Why Biological Pest Control Is an Effective Supplement to Traditional Pest Control Methods

Pests have that name for a reason: they eat our crops, destroy our livelihood—and they pester us. Whether they’re weeds, insects, or rodents, pests have been a perpetual source of anger and frustration for farmers around the world.

The traditional method of dealing with these pests is through the use of pesticide agents. For the most part, these chemical pesticides are effective in the battle against pests.On the other hand, pesticides also have their disadvantages, as they aren’t entirely foolproof. For example, we may inadvertently kill organisms that are actually good for the environment and for our farms. In addition, if used incorrectly, these chemical agents can also become pollutants in our air and water.Finally, a pest could eventually develop resistance to a particular chemical, rendering that specific pesticide less effective in dealing with future infestations.

This is why some farmers are choosing to employ not just pesticides but also other methods of pest control to make their approach more holistic and more integrated. Some of these proven methods include mechanical pest control (trapping and handpicking pests), crop rotation (effective for depriving pests of their preferred food source), trap cropping (the use of plants that attract pests away from valuable crops), and biological pest control.

The last of the techniques mentioned above—biological pest control—is a method that has attracted the attention of many farmers in recent years.In many cases, biological pest control emerges as a viable alternative or as an effective supplement to chemical-based pest control, and it works by pittingthe pests’natural enemies against them. The method makes use of a particular organism—typically a predator, a parasite, or one that causes a disease—to attack the harmful organisms that destroy crops. In this article, we’ll fill you in on some of the reasons why biological pest control should be something you should consider when farming.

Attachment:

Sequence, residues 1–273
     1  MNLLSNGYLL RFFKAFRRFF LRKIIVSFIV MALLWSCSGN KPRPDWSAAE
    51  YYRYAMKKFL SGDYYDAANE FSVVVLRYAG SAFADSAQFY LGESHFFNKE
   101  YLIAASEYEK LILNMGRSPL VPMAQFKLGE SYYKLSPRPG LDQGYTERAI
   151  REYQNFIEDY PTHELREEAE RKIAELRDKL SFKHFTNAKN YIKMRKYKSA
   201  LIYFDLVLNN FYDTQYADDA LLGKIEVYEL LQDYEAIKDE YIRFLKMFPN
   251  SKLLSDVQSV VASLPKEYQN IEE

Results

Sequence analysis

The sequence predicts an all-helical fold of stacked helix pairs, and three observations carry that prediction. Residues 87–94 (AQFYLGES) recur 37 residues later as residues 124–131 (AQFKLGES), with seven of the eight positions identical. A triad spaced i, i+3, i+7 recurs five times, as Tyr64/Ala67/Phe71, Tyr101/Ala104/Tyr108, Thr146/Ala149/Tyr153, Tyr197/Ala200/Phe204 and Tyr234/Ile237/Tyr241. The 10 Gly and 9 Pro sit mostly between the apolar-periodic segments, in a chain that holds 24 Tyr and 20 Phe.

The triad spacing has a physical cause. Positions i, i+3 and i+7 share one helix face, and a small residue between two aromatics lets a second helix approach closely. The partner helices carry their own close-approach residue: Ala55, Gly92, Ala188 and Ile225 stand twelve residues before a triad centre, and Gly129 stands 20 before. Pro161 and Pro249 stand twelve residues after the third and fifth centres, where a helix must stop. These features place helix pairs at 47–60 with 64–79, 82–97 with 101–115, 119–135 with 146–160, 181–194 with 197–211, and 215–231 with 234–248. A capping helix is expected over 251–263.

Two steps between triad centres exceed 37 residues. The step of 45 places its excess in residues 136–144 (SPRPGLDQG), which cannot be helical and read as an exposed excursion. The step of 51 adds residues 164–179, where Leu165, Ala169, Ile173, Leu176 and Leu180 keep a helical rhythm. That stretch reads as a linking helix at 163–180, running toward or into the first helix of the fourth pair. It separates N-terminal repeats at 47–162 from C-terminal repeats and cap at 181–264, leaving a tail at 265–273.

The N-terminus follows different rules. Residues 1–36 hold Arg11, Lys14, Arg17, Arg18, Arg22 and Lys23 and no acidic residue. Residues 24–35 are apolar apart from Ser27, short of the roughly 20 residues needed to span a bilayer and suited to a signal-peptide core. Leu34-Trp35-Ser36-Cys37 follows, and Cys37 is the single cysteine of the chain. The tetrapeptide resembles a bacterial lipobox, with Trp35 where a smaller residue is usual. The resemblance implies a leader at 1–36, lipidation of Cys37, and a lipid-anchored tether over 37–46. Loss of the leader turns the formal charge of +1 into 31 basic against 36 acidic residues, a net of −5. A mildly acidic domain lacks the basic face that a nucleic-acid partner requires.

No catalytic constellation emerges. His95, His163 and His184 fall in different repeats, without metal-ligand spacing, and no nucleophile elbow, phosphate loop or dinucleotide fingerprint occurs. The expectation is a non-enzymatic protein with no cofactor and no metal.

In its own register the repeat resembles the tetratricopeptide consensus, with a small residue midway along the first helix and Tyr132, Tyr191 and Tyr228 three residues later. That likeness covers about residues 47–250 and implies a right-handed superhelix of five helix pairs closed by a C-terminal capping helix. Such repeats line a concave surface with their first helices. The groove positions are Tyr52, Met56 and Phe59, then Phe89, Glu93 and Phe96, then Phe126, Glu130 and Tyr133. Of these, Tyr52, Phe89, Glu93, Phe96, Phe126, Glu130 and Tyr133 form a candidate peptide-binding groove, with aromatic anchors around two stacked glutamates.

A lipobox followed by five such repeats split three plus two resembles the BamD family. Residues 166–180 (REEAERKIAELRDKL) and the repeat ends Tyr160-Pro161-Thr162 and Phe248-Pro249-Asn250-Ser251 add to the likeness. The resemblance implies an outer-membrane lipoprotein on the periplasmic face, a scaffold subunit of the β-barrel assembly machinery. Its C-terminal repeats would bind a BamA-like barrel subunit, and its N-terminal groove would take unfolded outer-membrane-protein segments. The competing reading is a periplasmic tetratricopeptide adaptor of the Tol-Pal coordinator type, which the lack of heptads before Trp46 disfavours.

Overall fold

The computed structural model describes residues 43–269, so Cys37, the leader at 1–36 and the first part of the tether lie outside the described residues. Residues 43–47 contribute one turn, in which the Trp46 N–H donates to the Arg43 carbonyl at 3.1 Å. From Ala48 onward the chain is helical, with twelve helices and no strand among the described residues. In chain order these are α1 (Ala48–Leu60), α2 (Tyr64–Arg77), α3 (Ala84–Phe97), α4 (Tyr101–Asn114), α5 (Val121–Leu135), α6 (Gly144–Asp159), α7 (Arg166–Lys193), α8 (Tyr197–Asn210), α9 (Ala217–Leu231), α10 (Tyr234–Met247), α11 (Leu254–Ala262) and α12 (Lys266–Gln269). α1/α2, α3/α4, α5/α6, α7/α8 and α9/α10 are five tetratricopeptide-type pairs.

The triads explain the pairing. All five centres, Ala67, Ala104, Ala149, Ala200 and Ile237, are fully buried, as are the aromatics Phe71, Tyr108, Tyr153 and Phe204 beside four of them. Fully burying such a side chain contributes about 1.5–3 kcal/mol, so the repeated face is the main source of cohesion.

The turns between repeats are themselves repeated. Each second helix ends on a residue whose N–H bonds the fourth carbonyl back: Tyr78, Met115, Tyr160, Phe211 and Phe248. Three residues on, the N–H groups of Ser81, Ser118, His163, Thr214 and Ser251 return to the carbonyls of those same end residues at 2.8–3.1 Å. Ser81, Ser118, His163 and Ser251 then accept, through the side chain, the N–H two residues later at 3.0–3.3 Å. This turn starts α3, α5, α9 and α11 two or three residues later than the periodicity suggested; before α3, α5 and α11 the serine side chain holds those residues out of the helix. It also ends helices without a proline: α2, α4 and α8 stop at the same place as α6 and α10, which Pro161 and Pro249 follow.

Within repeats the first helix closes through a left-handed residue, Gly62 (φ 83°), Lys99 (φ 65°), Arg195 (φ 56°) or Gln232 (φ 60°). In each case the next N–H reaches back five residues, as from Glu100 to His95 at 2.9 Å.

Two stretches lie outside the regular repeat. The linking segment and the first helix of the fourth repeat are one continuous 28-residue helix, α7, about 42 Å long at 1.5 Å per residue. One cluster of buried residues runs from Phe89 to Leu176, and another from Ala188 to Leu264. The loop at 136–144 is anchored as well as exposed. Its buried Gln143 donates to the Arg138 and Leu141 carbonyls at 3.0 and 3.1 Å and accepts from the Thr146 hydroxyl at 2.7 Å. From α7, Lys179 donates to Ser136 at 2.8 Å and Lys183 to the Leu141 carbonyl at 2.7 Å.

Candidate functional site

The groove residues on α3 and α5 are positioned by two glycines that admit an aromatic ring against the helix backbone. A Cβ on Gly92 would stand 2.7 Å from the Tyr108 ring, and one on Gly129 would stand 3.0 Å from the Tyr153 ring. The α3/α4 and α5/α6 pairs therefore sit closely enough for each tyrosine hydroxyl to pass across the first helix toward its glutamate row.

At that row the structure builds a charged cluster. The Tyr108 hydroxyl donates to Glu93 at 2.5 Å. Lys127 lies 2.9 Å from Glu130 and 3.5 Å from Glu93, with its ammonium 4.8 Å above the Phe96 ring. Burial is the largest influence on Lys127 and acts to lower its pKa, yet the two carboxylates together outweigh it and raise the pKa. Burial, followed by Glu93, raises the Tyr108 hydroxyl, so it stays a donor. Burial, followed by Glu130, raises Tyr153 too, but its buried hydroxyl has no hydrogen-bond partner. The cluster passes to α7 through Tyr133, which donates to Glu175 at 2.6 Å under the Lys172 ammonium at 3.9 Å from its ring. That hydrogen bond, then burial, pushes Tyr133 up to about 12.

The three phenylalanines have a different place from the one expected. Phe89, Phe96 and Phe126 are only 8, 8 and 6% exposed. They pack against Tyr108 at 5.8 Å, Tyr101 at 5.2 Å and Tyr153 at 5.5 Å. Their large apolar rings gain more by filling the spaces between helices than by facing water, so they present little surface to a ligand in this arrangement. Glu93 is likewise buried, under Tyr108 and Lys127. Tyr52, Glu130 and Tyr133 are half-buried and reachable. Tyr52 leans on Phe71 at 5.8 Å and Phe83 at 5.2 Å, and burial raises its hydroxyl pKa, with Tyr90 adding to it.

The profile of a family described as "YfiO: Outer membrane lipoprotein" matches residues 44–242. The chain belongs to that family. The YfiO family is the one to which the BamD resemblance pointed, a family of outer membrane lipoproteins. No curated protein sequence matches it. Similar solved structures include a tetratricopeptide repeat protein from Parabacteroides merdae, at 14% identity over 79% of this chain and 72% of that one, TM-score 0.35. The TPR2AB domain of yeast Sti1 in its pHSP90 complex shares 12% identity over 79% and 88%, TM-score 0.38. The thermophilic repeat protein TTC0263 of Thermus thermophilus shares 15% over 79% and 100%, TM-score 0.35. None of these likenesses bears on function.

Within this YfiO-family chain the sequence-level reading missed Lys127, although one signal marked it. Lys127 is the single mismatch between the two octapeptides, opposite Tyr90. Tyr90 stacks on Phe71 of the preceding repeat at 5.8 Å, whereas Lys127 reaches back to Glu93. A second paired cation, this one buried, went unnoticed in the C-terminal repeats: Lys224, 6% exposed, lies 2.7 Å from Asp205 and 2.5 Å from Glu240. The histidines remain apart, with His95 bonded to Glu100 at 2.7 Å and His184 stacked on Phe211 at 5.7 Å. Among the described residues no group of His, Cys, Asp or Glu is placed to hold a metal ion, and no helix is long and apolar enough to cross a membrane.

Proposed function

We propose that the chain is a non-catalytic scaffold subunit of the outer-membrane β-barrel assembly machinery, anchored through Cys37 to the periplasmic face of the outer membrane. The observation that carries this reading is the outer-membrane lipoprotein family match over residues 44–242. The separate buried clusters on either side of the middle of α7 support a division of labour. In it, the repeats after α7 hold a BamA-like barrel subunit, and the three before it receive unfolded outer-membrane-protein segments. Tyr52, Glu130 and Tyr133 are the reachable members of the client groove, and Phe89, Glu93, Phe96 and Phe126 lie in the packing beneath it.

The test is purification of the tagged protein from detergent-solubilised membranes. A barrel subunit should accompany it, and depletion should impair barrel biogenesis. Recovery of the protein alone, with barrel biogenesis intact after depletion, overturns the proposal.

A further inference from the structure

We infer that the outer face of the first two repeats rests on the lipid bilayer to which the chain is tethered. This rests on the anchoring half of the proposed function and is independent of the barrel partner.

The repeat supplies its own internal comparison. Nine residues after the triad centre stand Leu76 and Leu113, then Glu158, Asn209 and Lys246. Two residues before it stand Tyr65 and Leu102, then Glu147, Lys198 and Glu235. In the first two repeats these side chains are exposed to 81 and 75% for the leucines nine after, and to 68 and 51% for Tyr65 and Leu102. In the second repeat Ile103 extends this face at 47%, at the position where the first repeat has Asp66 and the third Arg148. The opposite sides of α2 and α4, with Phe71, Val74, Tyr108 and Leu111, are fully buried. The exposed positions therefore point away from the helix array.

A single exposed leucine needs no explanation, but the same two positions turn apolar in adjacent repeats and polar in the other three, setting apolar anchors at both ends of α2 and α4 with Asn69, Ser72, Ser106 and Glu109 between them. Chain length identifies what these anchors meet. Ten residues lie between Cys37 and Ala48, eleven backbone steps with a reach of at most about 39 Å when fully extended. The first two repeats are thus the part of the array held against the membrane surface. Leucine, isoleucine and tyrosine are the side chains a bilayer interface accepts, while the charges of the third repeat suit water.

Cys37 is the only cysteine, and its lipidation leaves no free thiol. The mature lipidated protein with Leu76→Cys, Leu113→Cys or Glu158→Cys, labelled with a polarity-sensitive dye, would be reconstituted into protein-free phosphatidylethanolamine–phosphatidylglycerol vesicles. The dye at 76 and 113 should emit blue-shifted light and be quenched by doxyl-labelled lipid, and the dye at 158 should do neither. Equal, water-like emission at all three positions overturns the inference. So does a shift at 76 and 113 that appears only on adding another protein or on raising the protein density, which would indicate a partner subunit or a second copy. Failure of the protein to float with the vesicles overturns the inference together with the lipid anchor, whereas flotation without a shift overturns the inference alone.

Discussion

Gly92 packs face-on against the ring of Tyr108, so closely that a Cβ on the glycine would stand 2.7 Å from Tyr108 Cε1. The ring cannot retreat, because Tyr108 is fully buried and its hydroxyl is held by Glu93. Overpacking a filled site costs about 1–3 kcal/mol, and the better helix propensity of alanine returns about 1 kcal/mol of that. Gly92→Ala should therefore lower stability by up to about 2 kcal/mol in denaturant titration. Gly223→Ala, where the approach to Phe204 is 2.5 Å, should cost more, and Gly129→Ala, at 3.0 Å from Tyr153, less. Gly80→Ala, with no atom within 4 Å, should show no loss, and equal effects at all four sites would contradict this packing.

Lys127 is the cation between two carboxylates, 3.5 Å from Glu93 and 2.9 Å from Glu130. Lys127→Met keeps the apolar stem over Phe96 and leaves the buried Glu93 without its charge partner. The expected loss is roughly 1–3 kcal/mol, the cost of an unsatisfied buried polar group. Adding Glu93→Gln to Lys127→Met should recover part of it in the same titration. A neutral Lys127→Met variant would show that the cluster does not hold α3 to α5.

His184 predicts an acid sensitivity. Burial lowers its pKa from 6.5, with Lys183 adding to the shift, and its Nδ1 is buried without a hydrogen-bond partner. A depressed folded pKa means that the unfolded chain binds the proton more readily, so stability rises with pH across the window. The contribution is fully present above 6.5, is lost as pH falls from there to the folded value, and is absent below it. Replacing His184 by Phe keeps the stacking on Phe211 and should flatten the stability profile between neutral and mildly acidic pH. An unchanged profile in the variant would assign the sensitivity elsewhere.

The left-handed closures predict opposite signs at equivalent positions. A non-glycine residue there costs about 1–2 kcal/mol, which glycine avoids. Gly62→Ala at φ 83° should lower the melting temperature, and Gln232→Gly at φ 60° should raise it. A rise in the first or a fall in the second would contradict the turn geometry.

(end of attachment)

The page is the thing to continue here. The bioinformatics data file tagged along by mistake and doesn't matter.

It is cost-effective

Though employing biological pest control requires an initial investment in studying and testing the method, there is a long-term financial advantage for growers since it could lessen their dependence on pesticides and associated equipment. As per a report by the University of California, Riverside, there is “abundant empirical evidence (that) shows that biological pest control, as practiced by professionals, is among the most cost-effective methods of pest control.”

Researchers have discovered that once natural enemies have achieved dispersal and establishment in an environment, growers often incur no further costs besides the few hundred or thousand dollars that they have to shell out in the beginning for acquiring entomophagous or parasitic species.

It can protect entire species and ecosystems

For the most part, biological pest control is governed by the relationship between the prey and the predator or parasite. Through this dynamic, only those two organisms are affected, leaving neighboring species safe from harm.